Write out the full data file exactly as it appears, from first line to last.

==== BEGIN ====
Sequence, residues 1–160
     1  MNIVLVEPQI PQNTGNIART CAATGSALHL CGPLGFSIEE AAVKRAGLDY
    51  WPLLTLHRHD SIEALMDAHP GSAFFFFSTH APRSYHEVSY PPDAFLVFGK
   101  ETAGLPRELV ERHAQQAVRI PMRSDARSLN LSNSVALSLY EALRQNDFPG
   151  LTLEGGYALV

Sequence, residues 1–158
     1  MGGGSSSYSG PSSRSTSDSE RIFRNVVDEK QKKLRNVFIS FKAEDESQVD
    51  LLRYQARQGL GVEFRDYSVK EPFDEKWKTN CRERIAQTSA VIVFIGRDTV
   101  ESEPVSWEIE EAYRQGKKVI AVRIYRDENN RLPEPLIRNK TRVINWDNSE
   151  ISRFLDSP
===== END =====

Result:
Sequence, residues 1–160
     1  MNIVLVEPQI PQNTGNIART CAATGSALHL CGPLGFSIEE AAVKRAGLDY
    51  WPLLTLHRHD SIEALMDAHP GSAFFFFSTH APRSYHEVSY PPDAFLVFGK
   101  ETAGLPRELV ERHAQQAVRI PMRSDARSLN LSNSVALSLY EALRQNDFPG
   151  LTLEGGYALV

Sequence, residues 1–158
     1  MGGGSSSYSG PSSRSTSDSE RIFRNVVDEK QKKLRNVFIS FKAEDESQVD
    51  LLRYQARQGL GVEFRDYSVK EPFDEKWKTN CRERIAQTSA VIVFIGRDTV
   101  ESEPVSWEIE EAYRQGKKVI AVRIYRDENN RLPEPLIRNK TRVINWDNSE
   151  ISRFLDSP